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Re: [OT] Vivi, the Virtual Violinist, plays LilyPond music

From: Kieren MacMillan
Subject: Re: [OT] Vivi, the Virtual Violinist, plays LilyPond music
Date: Fri, 18 Mar 2011 09:01:42 -0400

Hi James,

> do you have any reference to those recent studies?

Search Google for <study prefer mp3s berger> and you'll find the MP3 study.

> My own anecdotal evidence is that it depends on the 'depth' and how much you 
> 'study' music as a profession or significant hobby

Definitely. And -- a propos to this thread -- the average person in, say, 1850, 
who made it through "the sieve" into a musical career had a greater depth and 
more study than the average person today who does the same, because the sieve 
has larger holes ("lower barrier of entry") and is more localized (q.v., the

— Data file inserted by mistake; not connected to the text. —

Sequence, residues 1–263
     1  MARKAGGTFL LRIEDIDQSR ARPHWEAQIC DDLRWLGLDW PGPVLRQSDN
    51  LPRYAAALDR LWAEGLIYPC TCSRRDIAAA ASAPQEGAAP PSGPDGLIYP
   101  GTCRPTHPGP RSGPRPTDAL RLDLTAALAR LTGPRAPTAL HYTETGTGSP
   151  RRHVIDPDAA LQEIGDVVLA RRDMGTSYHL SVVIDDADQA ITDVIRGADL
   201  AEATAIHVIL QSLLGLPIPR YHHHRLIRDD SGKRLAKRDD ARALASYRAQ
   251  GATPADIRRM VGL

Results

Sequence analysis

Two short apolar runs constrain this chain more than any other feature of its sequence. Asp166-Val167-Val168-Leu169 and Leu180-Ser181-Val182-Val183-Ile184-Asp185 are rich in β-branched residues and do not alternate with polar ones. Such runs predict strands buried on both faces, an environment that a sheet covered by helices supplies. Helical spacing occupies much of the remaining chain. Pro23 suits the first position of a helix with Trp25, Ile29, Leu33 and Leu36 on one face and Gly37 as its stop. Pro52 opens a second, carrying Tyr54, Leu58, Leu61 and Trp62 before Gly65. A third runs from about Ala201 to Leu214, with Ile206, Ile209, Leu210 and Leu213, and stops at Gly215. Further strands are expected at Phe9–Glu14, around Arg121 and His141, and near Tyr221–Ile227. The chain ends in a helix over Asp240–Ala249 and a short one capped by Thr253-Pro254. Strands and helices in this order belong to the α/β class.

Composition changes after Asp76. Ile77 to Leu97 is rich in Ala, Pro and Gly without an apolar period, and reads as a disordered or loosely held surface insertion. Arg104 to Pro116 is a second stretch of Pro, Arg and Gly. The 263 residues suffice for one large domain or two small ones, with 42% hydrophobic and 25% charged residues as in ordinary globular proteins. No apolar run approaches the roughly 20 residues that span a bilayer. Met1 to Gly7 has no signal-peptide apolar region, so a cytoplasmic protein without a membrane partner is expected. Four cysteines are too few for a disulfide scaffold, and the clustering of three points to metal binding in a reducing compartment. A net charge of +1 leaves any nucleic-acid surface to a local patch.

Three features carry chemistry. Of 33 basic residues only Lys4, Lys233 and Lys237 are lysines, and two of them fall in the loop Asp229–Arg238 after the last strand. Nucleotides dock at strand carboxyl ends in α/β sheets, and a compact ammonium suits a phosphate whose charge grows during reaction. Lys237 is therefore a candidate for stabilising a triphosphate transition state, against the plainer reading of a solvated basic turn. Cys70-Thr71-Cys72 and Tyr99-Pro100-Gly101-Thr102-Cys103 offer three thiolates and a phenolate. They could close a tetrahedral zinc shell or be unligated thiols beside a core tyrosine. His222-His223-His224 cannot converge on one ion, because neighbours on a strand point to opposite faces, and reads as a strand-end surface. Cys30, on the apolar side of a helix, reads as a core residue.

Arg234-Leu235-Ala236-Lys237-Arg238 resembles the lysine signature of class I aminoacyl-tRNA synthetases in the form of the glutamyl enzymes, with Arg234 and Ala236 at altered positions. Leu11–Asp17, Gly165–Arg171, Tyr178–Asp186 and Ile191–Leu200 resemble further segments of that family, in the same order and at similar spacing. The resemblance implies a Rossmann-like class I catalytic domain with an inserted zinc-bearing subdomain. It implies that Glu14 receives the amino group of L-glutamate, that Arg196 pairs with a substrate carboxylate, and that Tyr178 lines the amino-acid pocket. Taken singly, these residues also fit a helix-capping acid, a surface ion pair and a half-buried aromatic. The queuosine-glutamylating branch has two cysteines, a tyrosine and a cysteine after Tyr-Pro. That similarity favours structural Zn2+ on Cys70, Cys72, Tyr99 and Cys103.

waning influence of A&R reps).

> I think psychologically in this case it DOES matter what the content is and 
> the fact is some types of music suffer far less with compression than others 
> - to generalise, music that has a lot of quiet parts 'suffers' far more from 
> the music that has a constant volume where overall volume/dynamics are less 
> important.

True... Furthermore music which is less compressed and/or normalized in 
mastering suffers less from audio compression, due to its inherently more 
narrow dynamic and timbral range. I'm not saying that isn't a factor (nor was 
Berger, for example) -- I'm simply pointing out that the study attempted to 
control for content.

> Also I expect that you'd notice less compression in a piece of music if you 
> were very familiar with it simply because your brain would 'fill in' the 
> 'gaps' and compensate for the compression 'failings'.

Interesting idea… Berger definitely suggests that students who are "more 
comfortable" with compressed audio tend[ed] to prefer it more, e.g., over time 
the preference grew. Furthermore, there is evidence that many producers are now 
mastering music to ear buds, which obviously changes the sound versus other 


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